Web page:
Thursday, 23 April 2009

The Best (Make that Easiest) Way to Learn the Rules

People who know about my interest in the Rules often ask me how they can get a better understanding of them, without boring themselves silly. It seems that most players avoid looking up the Rules of Golf book, as jointly published by the R&A and USGA, as they find it difficult to read and even more difficult to locate to the particular sub-section that deals with the query that is troubling them. So, I thought that it might be useful to give you my views on some of the other ways that golfers might use to assimilate the Rules, leaving the best until the end.

Ask an ‘expert’ in the Club restaurant or bar. This is not always a good idea. Typically, there will be lots of members who will answer your query quickly and authoratively. The problem is that their answers may not concur and will often be completely wrong. In most cases they will be acting in good faith, but their responses may incorporate mistakes, misunderstandings, misinterpretations, misconceptions and myths. I have observed that the louder and more forcefully a contributor expounds their ruling, the more
likely it is that they are wrong.

Ask the Club professional. This is far more likely to give you an accurate reply than the suggestion above. Most golf pros have encountered many of the situations that can occur on the course during their playing careers. The problem is that they are very often not present when the need arises, due to them giving lessons, taking part in ProAms, or taking well-earned rests at weekends.

Learn from watching golf tournaments on television. This doesn’t work as well as you might expect it to. You could be watch
ing for hours before an interesting Rules situation occurs. Then, the chances of the commentators giving a useful and accurate interpretation of the ruling are slim. Also, the Rules of Competition for tournaments shown on TV can differ in several ways from the amateur game. For example, relief from temporary immovable obstructions (TIOs), practicing putting or chipping when play of the hole is completed, and playing with one type of ball throughout the round.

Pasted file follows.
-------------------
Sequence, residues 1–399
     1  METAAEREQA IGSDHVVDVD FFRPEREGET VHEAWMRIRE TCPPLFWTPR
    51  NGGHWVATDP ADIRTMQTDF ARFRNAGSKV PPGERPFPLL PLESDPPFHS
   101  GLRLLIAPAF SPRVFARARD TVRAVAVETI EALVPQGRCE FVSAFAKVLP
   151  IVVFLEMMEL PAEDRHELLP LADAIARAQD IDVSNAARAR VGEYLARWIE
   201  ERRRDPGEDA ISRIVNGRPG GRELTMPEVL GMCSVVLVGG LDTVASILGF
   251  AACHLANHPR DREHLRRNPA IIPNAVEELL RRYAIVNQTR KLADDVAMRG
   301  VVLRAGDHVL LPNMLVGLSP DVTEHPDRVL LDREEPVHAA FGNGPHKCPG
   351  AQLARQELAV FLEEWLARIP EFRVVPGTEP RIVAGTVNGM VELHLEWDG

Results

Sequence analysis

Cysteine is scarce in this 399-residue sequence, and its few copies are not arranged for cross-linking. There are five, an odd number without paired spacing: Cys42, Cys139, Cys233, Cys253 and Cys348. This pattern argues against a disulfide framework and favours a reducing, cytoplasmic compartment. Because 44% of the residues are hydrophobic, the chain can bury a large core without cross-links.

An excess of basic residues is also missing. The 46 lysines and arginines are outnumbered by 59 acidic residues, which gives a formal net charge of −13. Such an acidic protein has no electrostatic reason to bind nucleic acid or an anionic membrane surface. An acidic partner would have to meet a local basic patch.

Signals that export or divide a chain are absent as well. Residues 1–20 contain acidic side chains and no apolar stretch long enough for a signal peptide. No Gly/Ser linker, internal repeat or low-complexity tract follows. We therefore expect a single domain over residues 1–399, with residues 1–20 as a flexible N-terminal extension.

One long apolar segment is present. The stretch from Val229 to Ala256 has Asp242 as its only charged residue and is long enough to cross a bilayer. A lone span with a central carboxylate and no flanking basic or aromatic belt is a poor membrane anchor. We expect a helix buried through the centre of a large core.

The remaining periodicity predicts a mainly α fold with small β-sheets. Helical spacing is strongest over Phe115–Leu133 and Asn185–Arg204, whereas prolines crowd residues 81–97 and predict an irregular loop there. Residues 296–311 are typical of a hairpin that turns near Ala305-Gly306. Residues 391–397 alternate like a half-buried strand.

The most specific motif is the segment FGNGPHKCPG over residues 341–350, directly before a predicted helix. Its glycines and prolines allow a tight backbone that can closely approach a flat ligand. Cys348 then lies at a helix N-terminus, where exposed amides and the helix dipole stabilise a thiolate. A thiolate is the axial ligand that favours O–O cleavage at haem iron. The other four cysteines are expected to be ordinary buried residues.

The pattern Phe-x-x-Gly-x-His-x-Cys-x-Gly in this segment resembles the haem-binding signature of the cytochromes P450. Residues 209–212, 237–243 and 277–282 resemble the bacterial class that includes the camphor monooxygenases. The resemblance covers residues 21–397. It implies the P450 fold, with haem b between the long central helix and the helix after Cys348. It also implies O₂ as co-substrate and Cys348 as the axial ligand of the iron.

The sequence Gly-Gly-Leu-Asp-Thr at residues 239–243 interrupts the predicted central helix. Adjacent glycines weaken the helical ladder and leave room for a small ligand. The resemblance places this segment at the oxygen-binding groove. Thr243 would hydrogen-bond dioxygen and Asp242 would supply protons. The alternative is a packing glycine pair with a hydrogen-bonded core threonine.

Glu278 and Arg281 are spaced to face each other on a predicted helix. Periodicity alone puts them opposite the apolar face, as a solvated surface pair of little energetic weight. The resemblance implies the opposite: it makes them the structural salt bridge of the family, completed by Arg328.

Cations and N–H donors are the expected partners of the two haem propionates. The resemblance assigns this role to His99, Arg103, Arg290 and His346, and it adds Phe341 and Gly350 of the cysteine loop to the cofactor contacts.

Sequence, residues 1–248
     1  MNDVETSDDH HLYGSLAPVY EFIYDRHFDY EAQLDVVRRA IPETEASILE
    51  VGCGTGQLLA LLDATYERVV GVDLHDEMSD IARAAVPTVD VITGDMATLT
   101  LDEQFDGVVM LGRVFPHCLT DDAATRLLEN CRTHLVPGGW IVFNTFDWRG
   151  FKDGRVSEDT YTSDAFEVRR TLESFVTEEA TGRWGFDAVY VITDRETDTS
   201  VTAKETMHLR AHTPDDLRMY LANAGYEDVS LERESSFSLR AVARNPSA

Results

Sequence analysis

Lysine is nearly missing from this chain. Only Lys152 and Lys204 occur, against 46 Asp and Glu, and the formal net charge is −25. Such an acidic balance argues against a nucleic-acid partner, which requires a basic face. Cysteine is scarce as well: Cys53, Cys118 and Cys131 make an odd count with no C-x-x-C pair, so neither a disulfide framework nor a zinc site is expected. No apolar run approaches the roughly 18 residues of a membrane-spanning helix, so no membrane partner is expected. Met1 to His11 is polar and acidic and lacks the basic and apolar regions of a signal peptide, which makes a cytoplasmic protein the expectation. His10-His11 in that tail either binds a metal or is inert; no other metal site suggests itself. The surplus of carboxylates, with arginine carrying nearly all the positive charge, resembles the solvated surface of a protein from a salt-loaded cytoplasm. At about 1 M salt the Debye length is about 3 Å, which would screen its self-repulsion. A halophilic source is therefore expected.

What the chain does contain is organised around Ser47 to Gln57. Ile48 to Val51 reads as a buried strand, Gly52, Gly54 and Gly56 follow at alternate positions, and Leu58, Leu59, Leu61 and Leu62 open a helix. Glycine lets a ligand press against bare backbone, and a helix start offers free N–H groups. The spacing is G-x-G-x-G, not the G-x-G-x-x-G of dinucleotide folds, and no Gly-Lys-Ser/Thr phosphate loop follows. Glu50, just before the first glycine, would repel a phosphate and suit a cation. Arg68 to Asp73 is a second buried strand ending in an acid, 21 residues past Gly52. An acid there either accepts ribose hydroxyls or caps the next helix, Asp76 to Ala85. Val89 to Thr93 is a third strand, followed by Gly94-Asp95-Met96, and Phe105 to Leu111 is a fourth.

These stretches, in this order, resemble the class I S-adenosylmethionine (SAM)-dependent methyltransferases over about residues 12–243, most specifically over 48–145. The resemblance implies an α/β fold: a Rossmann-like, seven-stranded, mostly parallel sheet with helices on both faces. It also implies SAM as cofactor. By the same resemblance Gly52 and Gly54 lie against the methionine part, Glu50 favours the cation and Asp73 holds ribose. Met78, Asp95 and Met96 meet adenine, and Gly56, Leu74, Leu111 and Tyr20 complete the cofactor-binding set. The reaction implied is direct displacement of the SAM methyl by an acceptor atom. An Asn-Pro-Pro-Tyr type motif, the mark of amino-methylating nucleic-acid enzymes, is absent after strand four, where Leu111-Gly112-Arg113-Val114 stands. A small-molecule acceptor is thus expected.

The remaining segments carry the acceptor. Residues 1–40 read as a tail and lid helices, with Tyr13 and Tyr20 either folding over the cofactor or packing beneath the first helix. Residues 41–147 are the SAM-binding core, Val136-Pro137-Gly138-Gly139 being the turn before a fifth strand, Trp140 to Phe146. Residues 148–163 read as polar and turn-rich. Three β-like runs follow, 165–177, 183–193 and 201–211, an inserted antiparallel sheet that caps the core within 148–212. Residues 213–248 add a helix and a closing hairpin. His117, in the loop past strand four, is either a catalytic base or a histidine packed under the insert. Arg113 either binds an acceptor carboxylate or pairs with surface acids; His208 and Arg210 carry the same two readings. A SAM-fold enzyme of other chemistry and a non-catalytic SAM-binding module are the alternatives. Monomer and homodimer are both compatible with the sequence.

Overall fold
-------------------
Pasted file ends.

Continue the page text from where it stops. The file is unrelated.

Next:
Read books that attempt to simplify the Rules. Whilst this is definitely a preferable option to reading the official Rules of Golf book, the most popular tomes are still not light readings and require a certain dedication to study the subject.

Watch videos showing a variety of Rule
s situations. There is no doubt that golfers can learn from watching others’ mistakes on video. The DVD, ‘Golf Rules in Action’, produced by the R&A to explain and demonstrate the rules of the game, uses footage from top-level tournaments showing some of the world's best golfers in over 70 situations where the rules have affected them. For those that do not want to purchase videos there are some very good Rules and Decisions videos on the USGA’s web site, and I have four of my own at http://www.stracka.com/golf-videos/?userID=3486088 (on water hazards, lateral water hazards, nearest point of relief and ball unplayable). This is a good way to learn the Rules.

Gently absorb and understand the Rules by quizzing yourself on a regular basis. Yes, yes, yes! At last, there is an easy and enjoyable way to absorb and understand the Rules for golfers of all playing abilities. With my new book, ‘999 Questions on the Rules of Golf’ , readers can work through a series of questions, answers and, most importantly, explanations to the myriad situations on the golf course that they will recognise and relate to. Answers are conveniently located immediately beneath each question and are directly referenced to the applicable Rule of Golf, or Decision on the Rules. A detai
led index provides an easy and convenient way for readers to reference specific situations as they arise. This has to be the best way of getting to know the Rules for most players. It is a fun format for learning, where five minutes, or five hours, can be spent on it anytime, anywhere, and you can test yourself to see how you are progressing. Let me encourage and urge you to purchase at least two copies of ‘999 Questions’; one for yourself and one for a friend, or family member, who also needs to improve their knowledge of the Rules. If you play golf you will know that almost everyone would like to know the Rules better than they do at present.


As always, wishing you good golfing,

Barry Rhodes

Author of ‘999 Questions on the Rules of Golf’

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